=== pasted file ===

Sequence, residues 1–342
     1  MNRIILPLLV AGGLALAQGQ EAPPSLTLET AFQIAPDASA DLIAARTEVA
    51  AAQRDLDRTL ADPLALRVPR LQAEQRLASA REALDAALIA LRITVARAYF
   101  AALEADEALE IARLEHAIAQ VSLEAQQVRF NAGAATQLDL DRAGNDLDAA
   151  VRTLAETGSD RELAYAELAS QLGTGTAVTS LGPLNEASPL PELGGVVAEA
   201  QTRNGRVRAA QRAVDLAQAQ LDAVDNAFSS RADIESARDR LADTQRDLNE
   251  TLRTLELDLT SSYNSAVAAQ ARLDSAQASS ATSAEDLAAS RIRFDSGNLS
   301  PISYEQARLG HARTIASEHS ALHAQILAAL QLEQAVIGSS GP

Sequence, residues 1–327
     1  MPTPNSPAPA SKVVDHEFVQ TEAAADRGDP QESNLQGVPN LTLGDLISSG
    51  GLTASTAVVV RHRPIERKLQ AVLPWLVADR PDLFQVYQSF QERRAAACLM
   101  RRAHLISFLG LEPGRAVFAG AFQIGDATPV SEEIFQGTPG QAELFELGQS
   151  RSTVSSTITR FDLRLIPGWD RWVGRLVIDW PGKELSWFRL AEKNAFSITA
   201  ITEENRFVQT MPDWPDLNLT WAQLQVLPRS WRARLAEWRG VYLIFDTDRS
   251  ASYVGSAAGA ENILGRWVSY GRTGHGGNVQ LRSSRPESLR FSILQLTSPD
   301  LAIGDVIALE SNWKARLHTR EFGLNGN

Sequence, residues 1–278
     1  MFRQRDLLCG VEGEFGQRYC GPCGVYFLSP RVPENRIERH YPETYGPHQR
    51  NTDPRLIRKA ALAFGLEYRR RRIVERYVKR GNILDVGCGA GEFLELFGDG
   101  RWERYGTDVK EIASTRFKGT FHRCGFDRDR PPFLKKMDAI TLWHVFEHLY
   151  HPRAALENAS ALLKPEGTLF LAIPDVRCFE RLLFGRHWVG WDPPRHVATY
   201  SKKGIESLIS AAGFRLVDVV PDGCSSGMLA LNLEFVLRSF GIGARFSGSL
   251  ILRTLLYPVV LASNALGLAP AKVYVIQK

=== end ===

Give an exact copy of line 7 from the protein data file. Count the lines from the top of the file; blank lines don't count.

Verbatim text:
   251  TLRTLELDLT SSYNSAVAAQ ARLDSAQASS ATSAEDLAAS RIRFDSGNLS